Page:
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Sharp Pain in Head – Causes and Treatment

Written by Dr.Mary

A pain in the head that is sharp may be a sign of a condition that is mild or a serious medical problem. There are diverse reasons for headaches located in different areas of the head. For instance, an individual could have a pain that is sharp in the head on the left side, right side, or behind the ear. Another individual could have a pain that is sharp in the head when they cough or when they bend over. There are many causes of headaches that are severe.


Causes of Sharp Pain in Head

The below are key reasons for severe or sharp pain in the head.

Migraine

This is the type headache that is normally on only one side of the head and can be severe to mild. Often the pain is throbbing and so intense that the individual is not able to do any daily activities and will just have to go to bed. This sharp pain in the head also can be accompanied by other symptoms such as nausea, sensitivity to sound or light, or vomiting. A migraine headache is commonly seen more often in women and they may last for a number of hours as well as in extreme cases for days.

Sinusitis/Sinus infections

The pain in the head that is sharp behind ears or behind eyes can be caused by sinusitis. Amid the varied types of sinusitis, sphenoid sinusitis usually causes pain sharp in the head from behind the eyes while others, such as ethmoid or frontal sinusitis can cause pain behind the eye or ear. Sharp or constant pain in the head when bending down is often seen in those individuals having chronic sinusitis.

Encephalitis

This is an uncommon but lethal disease and is the swelling of the brain caused by a virus. The most commonly recognized symptom is pain that is sharp in the head. Besides the headache, other symptoms or signs are nausea, seizures, convulsions, and vomiting. Encephalitis can result in passing away because of respiratory arrest.

Meningitis

This is caused by meninges – tissues around the brain and the spinal cord – that are inflamed. Meningitis is often fatal and is normally cause by either a viral or bacterial infection. Pain can be sharp in the entire head accompanied by a stiff neck and are the most common signs of meningitis. Also, vomiting, nausea, seizures, sensitivity to light, unconsciousness or loss of appetite can also be seen. At times, together with meningitis, other complications like faster heart rate and gangrene have been seen.

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Brain tumor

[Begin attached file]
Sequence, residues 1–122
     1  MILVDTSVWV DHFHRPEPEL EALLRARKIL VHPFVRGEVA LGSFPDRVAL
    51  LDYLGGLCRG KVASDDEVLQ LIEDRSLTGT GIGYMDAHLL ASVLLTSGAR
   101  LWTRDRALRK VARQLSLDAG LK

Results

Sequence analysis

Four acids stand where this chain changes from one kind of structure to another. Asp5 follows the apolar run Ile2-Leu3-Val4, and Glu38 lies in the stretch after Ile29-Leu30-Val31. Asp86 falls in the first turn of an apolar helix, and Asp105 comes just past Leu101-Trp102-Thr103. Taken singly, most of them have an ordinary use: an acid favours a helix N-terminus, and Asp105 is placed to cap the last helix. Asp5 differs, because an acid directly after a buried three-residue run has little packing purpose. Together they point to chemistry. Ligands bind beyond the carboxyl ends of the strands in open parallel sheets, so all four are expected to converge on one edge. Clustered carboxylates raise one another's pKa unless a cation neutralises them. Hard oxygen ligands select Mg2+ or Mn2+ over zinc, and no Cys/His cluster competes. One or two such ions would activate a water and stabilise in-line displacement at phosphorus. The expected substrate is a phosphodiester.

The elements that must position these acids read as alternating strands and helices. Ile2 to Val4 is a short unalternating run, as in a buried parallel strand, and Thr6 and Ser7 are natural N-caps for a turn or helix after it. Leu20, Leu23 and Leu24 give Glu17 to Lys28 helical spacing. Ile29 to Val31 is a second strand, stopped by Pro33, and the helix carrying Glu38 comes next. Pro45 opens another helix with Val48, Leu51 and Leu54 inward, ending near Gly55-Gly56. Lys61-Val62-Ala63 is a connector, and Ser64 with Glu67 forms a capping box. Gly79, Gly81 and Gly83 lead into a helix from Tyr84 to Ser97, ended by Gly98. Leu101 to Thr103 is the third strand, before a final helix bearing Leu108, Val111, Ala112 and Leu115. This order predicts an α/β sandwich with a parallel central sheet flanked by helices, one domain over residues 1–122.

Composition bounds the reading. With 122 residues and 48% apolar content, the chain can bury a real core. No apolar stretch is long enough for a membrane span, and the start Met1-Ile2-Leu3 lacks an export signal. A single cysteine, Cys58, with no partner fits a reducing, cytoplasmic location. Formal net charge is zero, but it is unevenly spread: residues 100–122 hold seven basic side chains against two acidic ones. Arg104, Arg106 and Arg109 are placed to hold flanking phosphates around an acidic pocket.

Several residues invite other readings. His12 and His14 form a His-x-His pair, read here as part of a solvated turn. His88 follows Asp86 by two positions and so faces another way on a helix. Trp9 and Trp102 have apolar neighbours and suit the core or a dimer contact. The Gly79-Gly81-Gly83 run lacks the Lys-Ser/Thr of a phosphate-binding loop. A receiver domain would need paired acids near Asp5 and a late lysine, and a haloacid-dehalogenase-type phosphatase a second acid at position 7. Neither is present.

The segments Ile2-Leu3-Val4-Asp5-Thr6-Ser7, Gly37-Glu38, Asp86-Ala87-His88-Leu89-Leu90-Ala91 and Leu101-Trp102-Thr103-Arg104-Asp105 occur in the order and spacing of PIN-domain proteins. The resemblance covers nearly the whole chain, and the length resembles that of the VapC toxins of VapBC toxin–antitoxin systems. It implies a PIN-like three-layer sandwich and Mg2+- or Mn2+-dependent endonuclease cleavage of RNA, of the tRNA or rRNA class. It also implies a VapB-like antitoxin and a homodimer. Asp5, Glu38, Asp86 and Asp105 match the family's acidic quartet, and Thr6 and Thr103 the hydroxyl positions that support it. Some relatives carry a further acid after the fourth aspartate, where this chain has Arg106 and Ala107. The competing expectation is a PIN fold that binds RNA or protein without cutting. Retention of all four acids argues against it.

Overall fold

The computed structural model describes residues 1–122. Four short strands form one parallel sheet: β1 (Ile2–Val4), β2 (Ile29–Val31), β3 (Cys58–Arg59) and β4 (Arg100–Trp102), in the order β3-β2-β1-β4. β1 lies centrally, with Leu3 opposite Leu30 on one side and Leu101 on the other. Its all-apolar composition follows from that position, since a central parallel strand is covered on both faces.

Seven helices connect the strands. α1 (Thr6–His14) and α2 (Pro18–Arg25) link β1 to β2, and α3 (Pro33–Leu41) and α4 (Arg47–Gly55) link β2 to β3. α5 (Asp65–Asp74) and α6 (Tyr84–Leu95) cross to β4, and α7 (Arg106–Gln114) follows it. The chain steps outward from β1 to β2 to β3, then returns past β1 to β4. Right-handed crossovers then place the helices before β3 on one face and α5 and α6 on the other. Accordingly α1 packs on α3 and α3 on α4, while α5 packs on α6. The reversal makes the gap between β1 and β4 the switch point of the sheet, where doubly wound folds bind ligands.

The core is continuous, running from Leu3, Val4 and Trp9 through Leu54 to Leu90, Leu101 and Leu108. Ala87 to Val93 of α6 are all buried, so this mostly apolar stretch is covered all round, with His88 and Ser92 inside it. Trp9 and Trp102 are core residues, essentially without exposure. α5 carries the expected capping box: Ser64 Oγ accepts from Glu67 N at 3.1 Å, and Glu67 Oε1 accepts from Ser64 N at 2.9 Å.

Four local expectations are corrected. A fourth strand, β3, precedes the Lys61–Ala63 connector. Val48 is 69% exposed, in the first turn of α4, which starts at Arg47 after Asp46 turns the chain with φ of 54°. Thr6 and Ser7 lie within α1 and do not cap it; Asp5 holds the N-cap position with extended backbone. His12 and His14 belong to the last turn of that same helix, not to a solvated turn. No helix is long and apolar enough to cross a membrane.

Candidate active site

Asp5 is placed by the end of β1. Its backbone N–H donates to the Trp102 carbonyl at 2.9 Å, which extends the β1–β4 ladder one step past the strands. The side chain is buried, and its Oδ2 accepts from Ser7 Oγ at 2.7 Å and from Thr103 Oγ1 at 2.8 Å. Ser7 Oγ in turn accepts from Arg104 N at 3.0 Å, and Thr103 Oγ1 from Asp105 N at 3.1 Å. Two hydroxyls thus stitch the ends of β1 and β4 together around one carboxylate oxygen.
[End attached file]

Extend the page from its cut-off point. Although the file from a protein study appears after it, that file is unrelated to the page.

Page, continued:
Symptoms of a brain tumor can be the sudden onset of sharp and severe pain in the head. As the tumors grow this pain increases and eventually becomes unbearable. Sudden headaches that cause sharp pain with no history of headaches can be an indicator of the possibility of a brain tumor. Other symptoms and signs seen are convulsions, seizures, loss of mental alertness as well as confusion. Brain injury that is traumatic due to any reason may also cause pain that is sharp in the head.

Apart from these major headache causes, severe headaches can be caused by withdrawal, hangover, coital cephalalgia, vascular or spinal problems. Headaches caused by hormonal problems due to changes in hormones are usually experienced in one side of the head. Headaches in the back of the head are normally due to mental tension, stress, improper posture, and depression. It is mostly the kind of pain that is sharp in the head that comes and goes.

Sharp Pain in Head Treatment

An individual needs to find medical attention if the headache is:

  • The “worst headache of your life”. This wording is frequently seen in course books as a sign for medical professionals to contemplate making the diagnosis of a “subarachnoid hemorrhage due to a ruptured cerebral aneurysm”. The extent of pain will usually be considered along with how the individual looks as well as other symptoms and signs.
  • Unlike any previous headaches.
  • Begins abruptly or is intensified by coughing, exertion, sexual activity or bending over.
  • Accompanied by nausea and vomiting that is persistent.
  • Accompanied by stiff neck or fever.
  • Accompanied by seizures.
  • Occurs after a fall or new head trauma.
  • Accompanied with modifications in behavior, speech or vision.
  • Accompanied with variation in sensation or weakness.
  • Is not reacting to management techniques and is becoming worse.
  • Needs in excess of advised dose for pain of OTC (over the counter) medicines.

It is essential to identify which kind of headache an individual is suffering from so that the treatment given is correct. The common categories of headaches include:

  • Tension
  • Cluster
  • Sinus
  • Rebound
  • Migraine

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